Support & well-being
Access to Work and Dyslexia / SpLDs
Access to Work is a Government designed scheme that provides practical help to overcome the barriers that disabled* people experience in the workplace. You may not define yourself as disabled, however, if you have an impairment that restricts your ability to carry out your job then you may wish to consider this.
Definition of Disability
Disability is defined by the Equality Act as a physical or mental impairment, which has a substantial and long-term adverse effect on a person’s ability to carry out normal day to day activities. The Acts cover a number of impairments which may not be immediately evident or thought of as disabling, such as heart disease, diabetes, dyslexia and severe disfigurement and some mental illnesses. Where an impairment is controlled, for example by medication, the person is still considered disabled for the purposes of the Acts. Also included are progressive conditions, where the impairment may become substantial, such as some forms of cancer, multiple sclerosis and HIV infection.
* Special Learning Difficulties
- Funding for support needs
- Support and equipment you may benefit from
- Who can get the funding?
- What to do next
- Applying for funding or more information
The Government will either pay for, or make a substantial grant towards the costs of additional support needed as a result of an impairment or disability.
Formal evidence of dyslexia/ SpLD is not required, although if screening results or other documentary evidence is available they would find this useful.
If the difficulties and/or support measures required are clear, an Educational Psychologist’s Assessment, (EPA), would probably not be seen as necessary.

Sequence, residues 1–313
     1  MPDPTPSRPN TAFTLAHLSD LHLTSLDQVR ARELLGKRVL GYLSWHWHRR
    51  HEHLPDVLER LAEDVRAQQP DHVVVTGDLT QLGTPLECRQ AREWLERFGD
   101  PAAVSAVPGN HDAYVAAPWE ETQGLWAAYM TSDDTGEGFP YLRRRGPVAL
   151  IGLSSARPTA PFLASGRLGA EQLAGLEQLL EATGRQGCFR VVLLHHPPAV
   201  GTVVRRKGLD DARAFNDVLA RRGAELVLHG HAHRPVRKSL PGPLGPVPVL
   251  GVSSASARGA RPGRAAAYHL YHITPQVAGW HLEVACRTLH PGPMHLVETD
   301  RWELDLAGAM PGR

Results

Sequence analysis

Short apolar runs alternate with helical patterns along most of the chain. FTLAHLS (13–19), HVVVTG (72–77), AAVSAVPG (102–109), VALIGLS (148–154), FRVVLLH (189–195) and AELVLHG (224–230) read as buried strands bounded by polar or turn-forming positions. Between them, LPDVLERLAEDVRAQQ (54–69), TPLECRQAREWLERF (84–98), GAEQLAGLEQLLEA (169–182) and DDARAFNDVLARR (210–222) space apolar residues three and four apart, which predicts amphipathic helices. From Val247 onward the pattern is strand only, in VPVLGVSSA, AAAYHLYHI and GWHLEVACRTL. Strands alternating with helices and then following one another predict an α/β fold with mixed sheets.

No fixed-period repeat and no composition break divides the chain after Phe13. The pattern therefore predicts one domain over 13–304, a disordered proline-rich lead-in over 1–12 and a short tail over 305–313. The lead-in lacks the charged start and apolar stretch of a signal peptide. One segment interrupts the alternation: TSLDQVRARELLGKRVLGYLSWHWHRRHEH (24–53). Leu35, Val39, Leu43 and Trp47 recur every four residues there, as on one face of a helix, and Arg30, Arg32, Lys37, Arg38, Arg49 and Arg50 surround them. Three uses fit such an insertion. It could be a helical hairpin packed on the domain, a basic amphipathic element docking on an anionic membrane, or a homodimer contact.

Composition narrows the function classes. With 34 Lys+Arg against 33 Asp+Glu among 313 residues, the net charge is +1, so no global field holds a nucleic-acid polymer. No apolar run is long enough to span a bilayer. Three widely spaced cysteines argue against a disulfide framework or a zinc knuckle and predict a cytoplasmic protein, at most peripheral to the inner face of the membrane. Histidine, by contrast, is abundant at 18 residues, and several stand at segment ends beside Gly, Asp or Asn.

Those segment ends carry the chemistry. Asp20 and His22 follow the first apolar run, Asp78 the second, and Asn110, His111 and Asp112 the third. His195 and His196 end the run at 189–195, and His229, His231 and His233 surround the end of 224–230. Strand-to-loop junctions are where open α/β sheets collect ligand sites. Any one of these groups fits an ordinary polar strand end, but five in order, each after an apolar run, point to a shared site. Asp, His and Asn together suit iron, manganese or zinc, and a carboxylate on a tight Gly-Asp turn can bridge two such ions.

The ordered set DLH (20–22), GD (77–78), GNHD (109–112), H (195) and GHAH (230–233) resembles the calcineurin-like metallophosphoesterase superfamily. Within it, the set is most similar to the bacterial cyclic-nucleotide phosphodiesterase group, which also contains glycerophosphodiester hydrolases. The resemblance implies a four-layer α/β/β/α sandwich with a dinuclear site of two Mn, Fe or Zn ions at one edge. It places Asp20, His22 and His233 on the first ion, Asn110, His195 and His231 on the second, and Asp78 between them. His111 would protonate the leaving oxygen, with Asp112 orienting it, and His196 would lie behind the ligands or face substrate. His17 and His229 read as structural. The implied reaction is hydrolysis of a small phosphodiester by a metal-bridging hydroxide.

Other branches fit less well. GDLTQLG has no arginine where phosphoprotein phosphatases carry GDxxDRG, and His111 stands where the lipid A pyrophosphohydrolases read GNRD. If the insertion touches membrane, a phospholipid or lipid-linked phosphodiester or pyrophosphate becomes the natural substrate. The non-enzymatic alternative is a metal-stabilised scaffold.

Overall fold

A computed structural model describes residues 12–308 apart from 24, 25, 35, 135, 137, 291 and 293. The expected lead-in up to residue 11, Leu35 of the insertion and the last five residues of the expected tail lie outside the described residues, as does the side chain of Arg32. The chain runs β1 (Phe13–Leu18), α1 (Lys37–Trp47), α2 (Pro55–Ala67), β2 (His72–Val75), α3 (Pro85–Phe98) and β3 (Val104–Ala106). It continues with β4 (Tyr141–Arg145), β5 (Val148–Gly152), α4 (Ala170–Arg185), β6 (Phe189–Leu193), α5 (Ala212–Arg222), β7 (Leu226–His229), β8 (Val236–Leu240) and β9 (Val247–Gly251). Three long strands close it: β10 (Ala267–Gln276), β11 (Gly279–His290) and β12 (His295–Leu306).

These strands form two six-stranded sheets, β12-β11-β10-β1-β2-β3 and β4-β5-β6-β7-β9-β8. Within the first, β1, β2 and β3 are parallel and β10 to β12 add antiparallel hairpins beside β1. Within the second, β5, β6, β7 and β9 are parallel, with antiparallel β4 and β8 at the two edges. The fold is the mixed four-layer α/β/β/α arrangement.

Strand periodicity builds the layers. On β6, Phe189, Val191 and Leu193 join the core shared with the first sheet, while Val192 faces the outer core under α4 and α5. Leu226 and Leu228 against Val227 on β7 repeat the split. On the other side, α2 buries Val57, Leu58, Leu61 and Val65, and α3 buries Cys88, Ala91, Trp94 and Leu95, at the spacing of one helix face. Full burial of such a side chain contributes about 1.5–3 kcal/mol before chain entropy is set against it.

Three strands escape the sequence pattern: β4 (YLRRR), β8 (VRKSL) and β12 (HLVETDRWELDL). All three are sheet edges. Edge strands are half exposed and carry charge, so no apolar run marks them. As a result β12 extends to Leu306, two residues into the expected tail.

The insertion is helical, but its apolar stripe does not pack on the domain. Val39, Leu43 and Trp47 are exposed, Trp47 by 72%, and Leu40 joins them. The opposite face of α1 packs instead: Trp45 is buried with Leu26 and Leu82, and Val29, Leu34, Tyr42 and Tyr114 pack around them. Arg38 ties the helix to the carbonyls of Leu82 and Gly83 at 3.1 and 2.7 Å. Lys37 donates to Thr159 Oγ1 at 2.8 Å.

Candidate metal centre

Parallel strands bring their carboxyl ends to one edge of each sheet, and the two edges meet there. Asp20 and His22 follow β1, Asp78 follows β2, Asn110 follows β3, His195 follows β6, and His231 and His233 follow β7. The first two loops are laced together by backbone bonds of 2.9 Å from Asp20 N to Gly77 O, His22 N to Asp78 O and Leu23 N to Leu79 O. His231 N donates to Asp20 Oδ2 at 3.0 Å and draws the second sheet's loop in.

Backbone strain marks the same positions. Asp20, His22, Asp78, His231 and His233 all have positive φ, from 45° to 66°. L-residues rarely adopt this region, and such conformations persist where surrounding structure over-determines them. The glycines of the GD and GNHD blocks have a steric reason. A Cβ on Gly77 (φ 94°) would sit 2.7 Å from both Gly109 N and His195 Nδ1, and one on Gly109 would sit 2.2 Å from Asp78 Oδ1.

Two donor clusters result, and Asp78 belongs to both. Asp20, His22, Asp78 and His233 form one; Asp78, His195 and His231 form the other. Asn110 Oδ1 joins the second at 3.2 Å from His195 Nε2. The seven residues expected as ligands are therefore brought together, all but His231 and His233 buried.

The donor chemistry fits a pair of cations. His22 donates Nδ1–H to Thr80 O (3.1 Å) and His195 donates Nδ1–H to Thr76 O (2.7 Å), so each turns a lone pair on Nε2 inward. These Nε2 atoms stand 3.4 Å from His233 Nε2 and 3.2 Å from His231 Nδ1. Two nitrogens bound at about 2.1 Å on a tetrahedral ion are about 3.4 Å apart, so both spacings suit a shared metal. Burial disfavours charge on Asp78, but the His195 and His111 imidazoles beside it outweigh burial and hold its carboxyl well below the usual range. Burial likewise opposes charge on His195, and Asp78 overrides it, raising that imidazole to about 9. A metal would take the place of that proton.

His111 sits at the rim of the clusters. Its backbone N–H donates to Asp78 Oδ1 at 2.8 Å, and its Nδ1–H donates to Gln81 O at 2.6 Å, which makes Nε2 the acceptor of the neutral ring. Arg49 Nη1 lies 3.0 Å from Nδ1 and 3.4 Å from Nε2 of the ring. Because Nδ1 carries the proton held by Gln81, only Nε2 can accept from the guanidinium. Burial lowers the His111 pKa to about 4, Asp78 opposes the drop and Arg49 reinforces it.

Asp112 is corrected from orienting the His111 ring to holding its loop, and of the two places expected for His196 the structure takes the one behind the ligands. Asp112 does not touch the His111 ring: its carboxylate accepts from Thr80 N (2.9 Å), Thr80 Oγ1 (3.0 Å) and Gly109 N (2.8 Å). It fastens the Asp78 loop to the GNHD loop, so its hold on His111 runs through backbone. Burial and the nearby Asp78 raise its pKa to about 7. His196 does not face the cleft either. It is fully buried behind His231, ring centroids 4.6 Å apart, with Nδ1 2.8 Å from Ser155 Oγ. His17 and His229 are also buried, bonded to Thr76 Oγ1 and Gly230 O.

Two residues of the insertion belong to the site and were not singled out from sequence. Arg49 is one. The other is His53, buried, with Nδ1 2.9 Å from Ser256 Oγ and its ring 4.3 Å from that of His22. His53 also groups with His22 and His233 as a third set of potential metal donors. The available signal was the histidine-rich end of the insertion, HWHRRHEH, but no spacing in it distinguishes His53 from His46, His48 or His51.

- Adaptations to premises and equipment
- Special aids to employment
- Support workers
- Travel to work- for extra costs in travelling to and from work
- Communication support at interview
- Miscellaneous - for 'one-off' items
- The Nottingham Regional Access to Work Team does not usually fund Optometrist’s assessment. However, this has not been ruled out. There would need to be good work-related evidence of the need for it.
Previously Access to Work has funded proofreaders and Study Support, where the need is clear in relation to the current job.
- New employees - 100% of identified costs of all elements
Important: You must apply within 6 weeks of commencing work.
- People changing jobs - 100% of identified costs of all elements
- UK residents – Can apply but they would consider someone who was on a 2 year contract in Britain, for example.
- Current staff - An employer is required to make a one-off payment of the first £1,000 plus 20% of costs upto £10,000.
It is best to notify your manager as soon as possible that you are applying, especially if they are required to make a financial contribution.
It is important to apply as soon as possible as Access to Work will not fund retrospectively.
For more information on how to proceed with an application contact your HR Partner or the Occupational Health Adviser.
The easiest way to do this is to phone the local office, based in Nottingham. An administrator will take your contact details, including National Insurance number, and then an adviser will make contact with you within a few days. Often much of the assessment can be done by phone, but Access to Work assessors also make site visits, especially if ergonomic issues are involved. They will also talk to Line Managers and get Human Resources involved if required.
Please click on the next heading to access information on the Government’s Access to Work Scheme.